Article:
A Chinese greenhouse is an energy-efficient greenhouse that requires no or very little heating to grow warm-season plants year-round, even in areas with extreme temperature drops.
A standard glass greenhouse is an energy-hungry structure. During the winter months, you’ll need to heat the structure and during the summer you’ll need to find a way to keep it cool, or your plants will cook. Even a triple-glazed glass greenhouse loses heat quickly in the winter. However, a Chinese greenhouse is a passive solar greenhouse that stays warm in the winter and comfortable in the summer. The design has the ability to store the sun’s energy.
A Chinese greenhouse uses thermal mass and insulation to stay warm so you can grow crops year-round using only the power of the sun, even if the temperature has dropped below freezing. China has built thousands of passive greenhouses in the last decade to meet the country’s food needs by growing crops year-round with little or no energy use. To date, the Chinese have constructed passive solar greenhouses across over two million acres.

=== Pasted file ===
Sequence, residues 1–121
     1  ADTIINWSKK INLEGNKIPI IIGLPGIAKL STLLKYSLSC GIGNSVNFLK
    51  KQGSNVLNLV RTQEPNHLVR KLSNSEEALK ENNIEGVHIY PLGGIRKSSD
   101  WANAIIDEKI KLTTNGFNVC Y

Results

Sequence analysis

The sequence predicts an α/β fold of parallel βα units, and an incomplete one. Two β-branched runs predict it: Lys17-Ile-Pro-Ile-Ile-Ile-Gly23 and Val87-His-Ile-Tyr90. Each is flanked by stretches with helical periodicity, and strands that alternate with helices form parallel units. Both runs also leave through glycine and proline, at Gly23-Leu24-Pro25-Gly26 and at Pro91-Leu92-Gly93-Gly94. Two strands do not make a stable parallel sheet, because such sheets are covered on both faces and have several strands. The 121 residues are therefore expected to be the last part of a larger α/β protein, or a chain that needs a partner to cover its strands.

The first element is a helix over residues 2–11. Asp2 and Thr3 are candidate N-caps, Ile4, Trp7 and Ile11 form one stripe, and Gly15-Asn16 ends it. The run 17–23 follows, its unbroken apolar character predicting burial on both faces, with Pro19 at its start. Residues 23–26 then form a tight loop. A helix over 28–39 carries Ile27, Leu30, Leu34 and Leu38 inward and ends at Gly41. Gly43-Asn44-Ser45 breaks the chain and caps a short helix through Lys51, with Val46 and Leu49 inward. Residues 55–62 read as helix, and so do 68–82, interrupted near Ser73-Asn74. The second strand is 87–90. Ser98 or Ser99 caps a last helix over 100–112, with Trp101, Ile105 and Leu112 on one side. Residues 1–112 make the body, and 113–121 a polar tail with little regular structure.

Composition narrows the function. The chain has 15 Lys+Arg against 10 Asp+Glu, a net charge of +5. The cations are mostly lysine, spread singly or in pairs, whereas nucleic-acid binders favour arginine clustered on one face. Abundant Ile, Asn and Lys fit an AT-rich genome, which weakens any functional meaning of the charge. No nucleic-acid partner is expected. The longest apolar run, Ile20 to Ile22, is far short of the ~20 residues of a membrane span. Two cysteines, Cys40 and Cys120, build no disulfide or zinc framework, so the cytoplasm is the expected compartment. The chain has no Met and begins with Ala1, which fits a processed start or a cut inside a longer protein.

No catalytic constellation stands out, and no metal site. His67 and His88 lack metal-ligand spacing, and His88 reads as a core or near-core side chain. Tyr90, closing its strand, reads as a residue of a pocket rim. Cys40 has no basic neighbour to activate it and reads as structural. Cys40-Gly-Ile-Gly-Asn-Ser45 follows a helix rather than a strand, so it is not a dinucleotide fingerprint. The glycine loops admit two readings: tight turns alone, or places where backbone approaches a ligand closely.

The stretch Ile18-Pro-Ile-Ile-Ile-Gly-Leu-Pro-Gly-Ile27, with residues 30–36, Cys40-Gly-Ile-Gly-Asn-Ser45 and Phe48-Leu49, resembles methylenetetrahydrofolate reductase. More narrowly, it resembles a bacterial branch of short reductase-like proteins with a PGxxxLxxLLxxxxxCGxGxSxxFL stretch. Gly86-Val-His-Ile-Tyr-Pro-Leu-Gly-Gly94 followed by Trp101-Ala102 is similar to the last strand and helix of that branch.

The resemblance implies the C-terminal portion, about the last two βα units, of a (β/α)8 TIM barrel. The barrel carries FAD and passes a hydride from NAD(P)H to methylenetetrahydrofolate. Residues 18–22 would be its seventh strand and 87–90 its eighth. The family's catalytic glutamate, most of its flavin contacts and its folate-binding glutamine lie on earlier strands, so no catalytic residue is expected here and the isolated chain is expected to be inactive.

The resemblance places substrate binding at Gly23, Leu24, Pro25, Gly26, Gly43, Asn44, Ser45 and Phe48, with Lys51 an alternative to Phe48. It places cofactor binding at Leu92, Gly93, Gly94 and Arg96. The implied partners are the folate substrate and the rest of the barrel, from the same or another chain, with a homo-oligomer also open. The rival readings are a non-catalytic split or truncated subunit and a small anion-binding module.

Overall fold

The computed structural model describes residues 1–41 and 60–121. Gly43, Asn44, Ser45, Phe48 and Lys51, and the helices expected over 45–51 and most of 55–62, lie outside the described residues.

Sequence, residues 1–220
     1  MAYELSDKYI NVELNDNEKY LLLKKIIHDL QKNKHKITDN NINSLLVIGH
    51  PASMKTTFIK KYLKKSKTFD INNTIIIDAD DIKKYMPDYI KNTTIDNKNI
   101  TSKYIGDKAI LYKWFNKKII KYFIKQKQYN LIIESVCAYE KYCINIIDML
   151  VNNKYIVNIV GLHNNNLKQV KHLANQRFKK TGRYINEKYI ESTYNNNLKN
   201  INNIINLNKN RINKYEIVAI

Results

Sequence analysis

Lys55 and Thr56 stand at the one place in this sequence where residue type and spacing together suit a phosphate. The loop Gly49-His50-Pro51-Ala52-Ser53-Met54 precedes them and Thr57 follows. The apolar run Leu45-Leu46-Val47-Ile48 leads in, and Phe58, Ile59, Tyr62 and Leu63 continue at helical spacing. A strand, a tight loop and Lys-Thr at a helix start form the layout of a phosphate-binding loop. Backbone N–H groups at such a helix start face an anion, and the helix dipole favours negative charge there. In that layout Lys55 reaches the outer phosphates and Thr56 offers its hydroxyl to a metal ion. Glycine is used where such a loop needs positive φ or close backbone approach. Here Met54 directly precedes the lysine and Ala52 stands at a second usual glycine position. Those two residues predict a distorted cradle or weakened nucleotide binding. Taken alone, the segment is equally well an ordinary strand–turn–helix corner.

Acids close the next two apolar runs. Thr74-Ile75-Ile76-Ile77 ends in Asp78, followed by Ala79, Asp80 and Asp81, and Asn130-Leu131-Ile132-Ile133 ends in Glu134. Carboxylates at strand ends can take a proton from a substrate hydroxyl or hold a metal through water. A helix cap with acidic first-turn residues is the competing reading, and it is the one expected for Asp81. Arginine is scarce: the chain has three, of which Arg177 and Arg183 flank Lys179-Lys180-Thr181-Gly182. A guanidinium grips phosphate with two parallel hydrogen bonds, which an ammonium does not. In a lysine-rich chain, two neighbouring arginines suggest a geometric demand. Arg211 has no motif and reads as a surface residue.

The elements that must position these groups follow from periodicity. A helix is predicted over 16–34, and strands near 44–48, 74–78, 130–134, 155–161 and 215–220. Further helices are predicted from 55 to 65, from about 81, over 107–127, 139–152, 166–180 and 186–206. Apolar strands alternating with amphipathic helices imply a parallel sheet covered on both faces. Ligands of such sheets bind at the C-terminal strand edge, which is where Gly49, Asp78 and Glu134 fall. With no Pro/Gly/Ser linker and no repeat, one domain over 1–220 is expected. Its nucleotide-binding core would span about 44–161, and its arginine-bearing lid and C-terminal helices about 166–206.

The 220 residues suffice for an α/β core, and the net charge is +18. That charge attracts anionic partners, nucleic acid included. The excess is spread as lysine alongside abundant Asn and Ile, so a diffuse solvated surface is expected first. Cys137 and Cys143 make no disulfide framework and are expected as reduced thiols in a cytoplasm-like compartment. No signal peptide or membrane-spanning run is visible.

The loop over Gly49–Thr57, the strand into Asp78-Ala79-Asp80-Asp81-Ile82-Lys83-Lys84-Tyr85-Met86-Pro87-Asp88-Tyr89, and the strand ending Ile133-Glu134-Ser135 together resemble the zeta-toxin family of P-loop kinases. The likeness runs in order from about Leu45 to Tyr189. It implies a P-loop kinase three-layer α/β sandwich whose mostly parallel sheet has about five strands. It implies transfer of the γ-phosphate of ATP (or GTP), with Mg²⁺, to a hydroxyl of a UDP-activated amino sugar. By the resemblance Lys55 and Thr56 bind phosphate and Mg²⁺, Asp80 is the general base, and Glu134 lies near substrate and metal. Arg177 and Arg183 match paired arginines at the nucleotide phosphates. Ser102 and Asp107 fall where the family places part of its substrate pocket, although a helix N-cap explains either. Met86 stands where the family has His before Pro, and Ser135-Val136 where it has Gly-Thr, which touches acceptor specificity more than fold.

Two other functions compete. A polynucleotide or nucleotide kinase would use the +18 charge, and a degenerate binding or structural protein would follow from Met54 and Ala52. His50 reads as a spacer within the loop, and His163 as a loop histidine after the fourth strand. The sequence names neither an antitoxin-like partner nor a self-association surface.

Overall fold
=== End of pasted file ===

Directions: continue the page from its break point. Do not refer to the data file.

I first became fascinated with Chinese passive solar greenhouses in Oregon where they were growing in popularity throughout the Willamette Valley. Also, many families who want to live off-grid have turned to the design because they can grow warm-season vegetables year-round without any energy needs in most locations.
Understanding What is a Chinese Solar Greenhouse?
Let’s examine what makes the Chinese solar greenhouse so special compared to other greenhouses around the world.
1. Design of the Chinese Greenhouse